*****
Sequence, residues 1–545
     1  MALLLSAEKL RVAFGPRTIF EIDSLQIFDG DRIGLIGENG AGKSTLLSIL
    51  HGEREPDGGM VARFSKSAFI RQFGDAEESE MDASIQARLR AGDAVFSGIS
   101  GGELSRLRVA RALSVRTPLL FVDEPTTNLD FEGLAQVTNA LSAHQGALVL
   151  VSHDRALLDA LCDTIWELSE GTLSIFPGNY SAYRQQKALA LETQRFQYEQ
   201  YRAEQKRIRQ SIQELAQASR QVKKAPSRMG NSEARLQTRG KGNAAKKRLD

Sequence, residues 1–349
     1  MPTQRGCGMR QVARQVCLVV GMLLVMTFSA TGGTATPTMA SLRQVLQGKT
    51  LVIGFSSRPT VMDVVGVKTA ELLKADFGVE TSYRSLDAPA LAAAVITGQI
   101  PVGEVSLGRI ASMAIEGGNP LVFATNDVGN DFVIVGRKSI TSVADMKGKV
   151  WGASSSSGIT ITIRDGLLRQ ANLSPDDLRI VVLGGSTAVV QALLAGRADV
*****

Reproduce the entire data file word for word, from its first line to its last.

Sequence, residues 1–545
     1  MALLLSAEKL RVAFGPRTIF EIDSLQIFDG DRIGLIGENG AGKSTLLSIL
    51  HGEREPDGGM VARFSKSAFI RQFGDAEESE MDASIQARLR AGDAVFSGIS
   101  GGELSRLRVA RALSVRTPLL FVDEPTTNLD FEGLAQVTNA LSAHQGALVL
   151  VSHDRALLDA LCDTIWELSE GTLSIFPGNY SAYRQQKALA LETQRFQYEQ
   201  YRAEQKRIRQ SIQELAQASR QVKKAPSRMG NSEARLQTRG KGNAAKKRLD

Sequence, residues 1–349
     1  MPTQRGCGMR QVARQVCLVV GMLLVMTFSA TGGTATPTMA SLRQVLQGKT
    51  LVIGFSSRPT VMDVVGVKTA ELLKADFGVE TSYRSLDAPA LAAAVITGQI
   101  PVGEVSLGRI ASMAIEGGNP LVFATNDVGN DFVIVGRKSI TSVADMKGKV
   151  WGASSSSGIT ITIRDGLLRQ ANLSPDDLRI VVLGGSTAVV QALLAGRADV